Torque tubes -They are usually sized to get reasonable circuit deflections. I stopped at 3 x 035 aluminum tube (172% of push-pull tube weight), lost motion is 3.3 degrees. These can be modest friction if wing deflections are small and executed properly. Steve Wittman used them. Wing deflections must be low and system must be really excellently executed, or they can be sticky. Ratio changes can be made inside the fuselage if you need them. Cautions about loading rod ends apply here as well;

Cables - Are sized for adequate strength. I needed a 3/16 cable for this job with arms sticking outside the airfoil profile to keep weights low. These usually have numerous pulleys needed and with excellent alignment required of cables to pulleys just to get down to decent friction. Muddy feeling controls can result with cables if much in the way of misalignment or fairleads are needed. I got 4 degrees of lost motion on my 15 degree control throw. The cables themselves are lighter than push-pull tubes (69% of push-pull rods), but the devil is in the details. Many pulleys are sometimes needed, and this can make system weight approach push-pull tubes on weight.

Cables require preload to keep slop down and make the system feel responsive. Ratio changes can be fussy because the net change in cable length over the control throw needs to be kept very small or the system will bind or go slack as the stick moves. Design it to be perfect, then change one lever length, and now it is not so good. Additionally, steel cables change length less with temperature than aluminum and less again than wood or fiberglass. Get into carbon fiber, and well, maybe the cables should be the same material and schedule as the structure. Story is that Paul Allen's heavy lifter airplane - correction - White Knight 2 has carbon fiber rudder cables for just this reason.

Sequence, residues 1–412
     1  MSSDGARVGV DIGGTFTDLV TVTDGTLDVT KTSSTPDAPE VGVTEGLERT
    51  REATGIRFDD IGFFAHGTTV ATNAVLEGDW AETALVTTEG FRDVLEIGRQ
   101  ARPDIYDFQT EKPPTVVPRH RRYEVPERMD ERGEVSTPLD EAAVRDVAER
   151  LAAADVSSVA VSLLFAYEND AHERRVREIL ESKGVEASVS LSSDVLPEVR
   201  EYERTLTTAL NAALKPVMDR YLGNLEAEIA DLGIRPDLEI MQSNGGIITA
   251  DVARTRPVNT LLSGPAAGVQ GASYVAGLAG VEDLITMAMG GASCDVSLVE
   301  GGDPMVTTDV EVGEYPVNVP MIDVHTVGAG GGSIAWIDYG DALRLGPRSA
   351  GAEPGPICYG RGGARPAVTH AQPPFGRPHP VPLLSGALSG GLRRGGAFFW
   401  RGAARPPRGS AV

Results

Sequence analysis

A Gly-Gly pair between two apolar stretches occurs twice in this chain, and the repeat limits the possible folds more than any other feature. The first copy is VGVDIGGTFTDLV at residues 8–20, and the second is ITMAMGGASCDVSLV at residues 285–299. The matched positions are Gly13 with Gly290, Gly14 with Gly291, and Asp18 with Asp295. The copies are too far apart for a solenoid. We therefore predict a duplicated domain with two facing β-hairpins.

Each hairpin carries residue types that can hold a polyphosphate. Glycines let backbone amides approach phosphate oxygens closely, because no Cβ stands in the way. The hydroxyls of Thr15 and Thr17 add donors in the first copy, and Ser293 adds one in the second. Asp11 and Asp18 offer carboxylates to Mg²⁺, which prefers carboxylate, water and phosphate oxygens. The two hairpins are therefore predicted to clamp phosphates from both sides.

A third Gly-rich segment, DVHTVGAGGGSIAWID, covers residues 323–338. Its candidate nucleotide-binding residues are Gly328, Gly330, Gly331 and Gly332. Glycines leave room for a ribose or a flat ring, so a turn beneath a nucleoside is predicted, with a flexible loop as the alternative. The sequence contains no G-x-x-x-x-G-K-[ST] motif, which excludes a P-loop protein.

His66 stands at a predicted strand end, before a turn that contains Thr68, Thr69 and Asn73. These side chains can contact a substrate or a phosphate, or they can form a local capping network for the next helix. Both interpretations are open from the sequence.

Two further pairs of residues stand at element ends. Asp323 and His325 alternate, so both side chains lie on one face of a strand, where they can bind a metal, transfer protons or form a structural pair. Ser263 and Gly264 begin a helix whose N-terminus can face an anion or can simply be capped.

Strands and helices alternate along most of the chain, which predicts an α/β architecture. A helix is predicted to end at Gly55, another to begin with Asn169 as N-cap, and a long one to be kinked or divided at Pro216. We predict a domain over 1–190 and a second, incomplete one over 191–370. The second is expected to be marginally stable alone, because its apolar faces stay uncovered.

Billski
 
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Hot Wings

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Attaching a support to a soft piece of structure can have the same undesirable effect as a long flexible torque tube.
This highlights one of the misconsecptions of good design practice. There is no one single best method. There are no universally specific reasons one chooses a particular method over another. You have to think in terms of systems, not isolated parts. Add in parameters that are external to the actual engineering, as bean counters like to do, and you may end up with a completely different solution.
 

Marc Zeitlin

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Get into carbon fiber, and well, maybe the cables should be the same material and schedule as the structure. Story is that Paul Allen's heavy lifter airplane has carbon fiber rudder cables for just this reason.
I believe you're conflating WK2 with Stratolaunch.

WK2 was an unboosted aircraft with a 140 ft. wingspan and two fuselages, so all the control surface cable loops were incredibly long. It has carbon fiber "cables" fabricated specially so that the CTE is the same as the structure, and all cables were run as close to the neutral bending axis of the wings and fuselage as possible.

Stratolaunch's control system is basically a cannibalization of two 747-400's (along with 6 of the 8 engines from two 747's). So it's a boosted plane, working pretty much as does a 747.
 

geosnooker2000

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First off, you are attempting to get us to discuss cables vs torque tubes. What about push-pull tubes? Torque tubes are appropriate in few places and are used sparingly by airplane designers for a variety of reasons.

I did a quick analysis of all three as we might apply them to ailerons, using a wing span of 24 feet, chord of 5 feet, ailerons 5 feet by 1.25 feet, airspeed of 180 knots. The ailerons were all hinged at their leading edges to keep this comparison straight up.

Push-pull tubes - They are usually sized by buckling limits. Mine turned out to need 1-3/4 x 0.035 aluminum tube, lost motion due to control circuit deflection is about 0.5 degrees on a 15 degree throw. This will be low friction, and relatively bug free to design and implement, with ratio changes made at idlers and bellcranks if you need it. System will have a number of rod ends in it, so the system should be designed so that air loads take the slack out in nominal flight;